Follow Techotopia on Twitter

On-line Guides
All Guides
eBook Store
iOS / Android
Linux for Beginners
Office Productivity
Linux Installation
Linux Security
Linux Utilities
Linux Virtualization
Linux Kernel
System/Network Admin
Programming
Scripting Languages
Development Tools
Web Development
GUI Toolkits/Desktop
Databases
Mail Systems
openSolaris
Eclipse Documentation
Techotopia.com
Virtuatopia.com

How To Guides
Virtualization
General System Admin
Linux Security
Linux Filesystems
Web Servers
Graphics & Desktop
PC Hardware
Windows
Problem Solutions

  




 

 

Logical Tags

Contents

<H# ...> Headers
<EM> Emphasis
<STRONG>
<INS> Inserted
<DEL> Deleted
<CITE> Citation
<ADDRESS>
<SAMP> Sample
<CODE>
<KBD> Keyboard
<VAR> Variable
<DFN> Definition
<H# ...> next page
What's so logical about logical tags?

The original intent of HTML was to mark up text to indicate the purpose of each part of the document. Text within the <H1 ...> is a header, text within <CODE> is code from a program.

Although logical tags (also called Idiomatic Elements) indicate different types of information, most of them are usually rendered in one of just a few ways: italics, bold, or monospace (all characters the same width):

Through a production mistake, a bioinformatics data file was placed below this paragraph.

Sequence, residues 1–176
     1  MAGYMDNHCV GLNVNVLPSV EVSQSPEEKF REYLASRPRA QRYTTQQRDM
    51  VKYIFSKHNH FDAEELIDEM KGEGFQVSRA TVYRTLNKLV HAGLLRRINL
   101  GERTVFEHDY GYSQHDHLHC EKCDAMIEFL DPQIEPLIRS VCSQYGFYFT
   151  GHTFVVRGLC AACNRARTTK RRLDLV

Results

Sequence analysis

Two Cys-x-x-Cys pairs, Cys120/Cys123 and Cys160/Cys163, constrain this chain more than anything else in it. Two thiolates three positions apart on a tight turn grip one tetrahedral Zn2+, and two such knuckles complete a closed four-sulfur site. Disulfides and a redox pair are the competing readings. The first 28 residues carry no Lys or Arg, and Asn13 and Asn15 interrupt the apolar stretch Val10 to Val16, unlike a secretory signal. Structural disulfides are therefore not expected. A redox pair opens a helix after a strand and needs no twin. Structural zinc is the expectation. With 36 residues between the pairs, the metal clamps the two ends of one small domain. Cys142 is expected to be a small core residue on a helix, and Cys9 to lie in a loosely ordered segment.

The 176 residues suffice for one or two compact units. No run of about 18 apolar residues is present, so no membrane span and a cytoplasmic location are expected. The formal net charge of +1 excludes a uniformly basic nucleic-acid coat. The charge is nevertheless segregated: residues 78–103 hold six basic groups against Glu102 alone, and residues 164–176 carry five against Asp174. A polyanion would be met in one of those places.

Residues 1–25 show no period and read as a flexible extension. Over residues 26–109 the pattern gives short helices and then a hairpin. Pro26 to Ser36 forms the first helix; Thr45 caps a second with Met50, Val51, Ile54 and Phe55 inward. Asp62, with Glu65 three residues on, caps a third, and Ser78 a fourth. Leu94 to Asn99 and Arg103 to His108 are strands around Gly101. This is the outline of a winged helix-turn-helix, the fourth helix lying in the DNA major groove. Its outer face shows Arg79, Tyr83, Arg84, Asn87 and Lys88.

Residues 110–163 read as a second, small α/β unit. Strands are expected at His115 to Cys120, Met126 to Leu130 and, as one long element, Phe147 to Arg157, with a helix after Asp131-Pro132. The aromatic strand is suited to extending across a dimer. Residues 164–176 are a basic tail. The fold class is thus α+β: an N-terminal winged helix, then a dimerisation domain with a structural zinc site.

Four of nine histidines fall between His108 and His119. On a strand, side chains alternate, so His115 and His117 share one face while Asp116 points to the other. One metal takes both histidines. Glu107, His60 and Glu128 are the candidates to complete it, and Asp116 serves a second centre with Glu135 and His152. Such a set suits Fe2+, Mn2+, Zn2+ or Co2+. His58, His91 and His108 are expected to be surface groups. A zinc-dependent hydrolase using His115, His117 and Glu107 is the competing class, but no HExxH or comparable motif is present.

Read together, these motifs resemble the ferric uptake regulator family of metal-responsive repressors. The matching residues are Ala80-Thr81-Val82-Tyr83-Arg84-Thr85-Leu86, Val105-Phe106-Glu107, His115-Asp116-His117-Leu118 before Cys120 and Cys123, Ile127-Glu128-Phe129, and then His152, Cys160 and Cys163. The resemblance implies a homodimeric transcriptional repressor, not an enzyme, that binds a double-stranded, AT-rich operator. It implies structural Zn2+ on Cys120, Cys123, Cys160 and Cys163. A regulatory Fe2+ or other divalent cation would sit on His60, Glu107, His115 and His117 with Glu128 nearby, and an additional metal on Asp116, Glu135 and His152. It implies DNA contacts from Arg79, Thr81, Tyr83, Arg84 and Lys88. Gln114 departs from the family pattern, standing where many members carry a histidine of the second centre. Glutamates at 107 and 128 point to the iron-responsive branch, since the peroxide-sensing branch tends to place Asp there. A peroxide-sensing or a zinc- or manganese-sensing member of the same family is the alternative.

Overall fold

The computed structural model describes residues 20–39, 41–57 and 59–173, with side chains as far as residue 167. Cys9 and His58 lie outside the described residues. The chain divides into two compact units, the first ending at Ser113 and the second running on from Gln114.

This is emphasized text
This is cited text
This is strong text
This is sample text
This is code text
This is keyboard text

So if logical tags just look like bold or italics, why use them at all? Why not just use <B> when you want bold? Logical tags have lost favor to "formatting" tags, which indicate the physical appearance of the document (for example <B> for BOLD). This loss of popularity is unfortunate, because logical tags still serve some important purposes:

  1. Logical tags allow the browser to render that information in the manner most appropriate for that browser. Text that should be emphasized (<EM>) may be best emphasized in Windows with italics, and bold in Unix.

  2. Logical tags help you, the author, keep track of what you are saying, without the distraction of presentation. If you need to indicate someone's address, use <ADDRESS>, knowing it will be presented in an appropriate manner.


 
 
  Copyright 1997-2002 Idocs inc. Published under the terms of the Open Content License Design by Interspire